ALBUQUERQUE, N.M. — The House’s version of the state budget includes $14 million for two economic development programs, which one business leader said was “shocking” because it is so far below what advocates are recommending.
Under the bill, the Job Training Incentive Program, which reimburses businesses for costs associated with employee training, was allotted $9 million: $5 million for the fiscal year that begins in July in addition to a recurring $4 million. The Local Economic Development Act, a fund used to incentivize businesses to relocate or expand in New Mexico, was allotted $5 million for the fiscal year to add to the remaining $40 million in the fund.
The sums are less than the $12 million in recurring funds for JTIP and the $10 million for LEDA pushed by business advocates, according to Terri Cole, president and CEO of the Greater Albuquerque Chamber of Commerce.
“There were several shocking elements of (the bill), and this was one of them,” said Cole. “We are now working hard with the Senate to advocate for both programs.”
Secretary Matt Geisel of the state’s Economic Development Department said funding the programs is a priority for his agency and Gov. Susana Martinez. “These are things that should have bipartisan support,” said Geisel. “The fact that full funding was in the executive budget shows how important the programs are to this administration.”
Rep. Patricia Lundstrom, D-Gallup, the chairwoman of the House Appropriations and Finance Committee, said she supports the economic development programs but cited a large unspent dollar amount in the LEDA program. “It’s not that we don’t support economic development, but if you have a pretty big cash balance it’s hard to get more (money),” Lundstrom told the Journal.
She also said she’s seen little money from the programs flow into small businesses, particularly in Gallup, where she works as an economic developer.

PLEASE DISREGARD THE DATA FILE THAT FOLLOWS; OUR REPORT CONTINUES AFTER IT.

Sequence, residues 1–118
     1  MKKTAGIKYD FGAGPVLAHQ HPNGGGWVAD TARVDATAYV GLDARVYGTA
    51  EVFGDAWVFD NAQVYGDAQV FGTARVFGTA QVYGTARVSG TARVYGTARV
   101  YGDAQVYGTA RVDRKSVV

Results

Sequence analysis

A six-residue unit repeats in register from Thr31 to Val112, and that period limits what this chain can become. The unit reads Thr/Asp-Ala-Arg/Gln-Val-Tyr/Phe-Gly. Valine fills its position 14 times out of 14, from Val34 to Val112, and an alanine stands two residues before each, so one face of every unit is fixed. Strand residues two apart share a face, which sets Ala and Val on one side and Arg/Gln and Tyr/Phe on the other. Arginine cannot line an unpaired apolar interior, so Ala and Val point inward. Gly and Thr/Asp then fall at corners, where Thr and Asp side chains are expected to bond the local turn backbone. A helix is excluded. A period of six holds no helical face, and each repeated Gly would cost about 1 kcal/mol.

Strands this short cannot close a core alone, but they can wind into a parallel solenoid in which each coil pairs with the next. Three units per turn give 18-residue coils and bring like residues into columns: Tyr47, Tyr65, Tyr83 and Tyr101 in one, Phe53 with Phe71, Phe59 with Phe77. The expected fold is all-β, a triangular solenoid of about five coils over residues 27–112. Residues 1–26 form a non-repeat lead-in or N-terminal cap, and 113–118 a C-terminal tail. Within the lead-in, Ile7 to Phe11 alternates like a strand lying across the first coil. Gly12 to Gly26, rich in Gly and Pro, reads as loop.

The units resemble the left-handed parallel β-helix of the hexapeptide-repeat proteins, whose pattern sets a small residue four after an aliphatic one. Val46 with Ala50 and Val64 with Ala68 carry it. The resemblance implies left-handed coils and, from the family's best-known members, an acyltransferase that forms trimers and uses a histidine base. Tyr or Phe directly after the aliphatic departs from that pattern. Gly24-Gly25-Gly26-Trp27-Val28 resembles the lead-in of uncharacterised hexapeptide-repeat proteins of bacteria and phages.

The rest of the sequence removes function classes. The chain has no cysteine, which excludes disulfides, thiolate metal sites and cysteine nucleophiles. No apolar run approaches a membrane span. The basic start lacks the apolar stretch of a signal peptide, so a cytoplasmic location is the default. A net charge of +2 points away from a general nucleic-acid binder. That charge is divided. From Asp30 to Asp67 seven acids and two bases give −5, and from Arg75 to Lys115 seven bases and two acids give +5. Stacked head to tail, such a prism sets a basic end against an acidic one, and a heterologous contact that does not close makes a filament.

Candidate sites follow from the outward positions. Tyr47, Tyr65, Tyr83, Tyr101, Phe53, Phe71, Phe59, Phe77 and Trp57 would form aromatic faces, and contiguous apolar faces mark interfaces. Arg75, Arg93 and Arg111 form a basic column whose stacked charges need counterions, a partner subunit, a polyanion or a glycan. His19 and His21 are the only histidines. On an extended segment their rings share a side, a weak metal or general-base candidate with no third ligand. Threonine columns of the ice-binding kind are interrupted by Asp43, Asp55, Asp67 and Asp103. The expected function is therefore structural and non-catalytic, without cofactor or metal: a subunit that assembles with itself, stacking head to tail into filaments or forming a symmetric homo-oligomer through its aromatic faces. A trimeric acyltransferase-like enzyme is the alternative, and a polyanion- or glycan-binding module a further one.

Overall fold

JTIP and LEDA, described by economic developers as indispensable for attracting businesses, have been criticized by opponents for diverting money that could be spent on more vulnerable populations. New Mexico Voices for Children spokeswoman Sharon Kayne said that while her organization has historically supported JTIP, it also believes “some of the best economic development comes from investing in infrastructure and human capital.”
“We need a well-educated and skilled workforce,” said Kayne. “That’s how to get jobs here.”
The House voted 65-3 earlier this week to pass the $6.3 billion spending bill, which has moved to the Senate for further discussion. The budget would increase spending by about $249 million, or 4.1 percent, over current levels, reflecting an oil-driven increase in state revenue.
There are two weeks left in the 30-day legislative session.
— House Bill 169: “Right-to-work” legislation that prevents employees from being compelled to join a union or paying union fees.
— House Bill 38 and Senate Bill 14: Development of broadband infrastructure.
— House Bill 200: Modifying the high-wage tax credit law.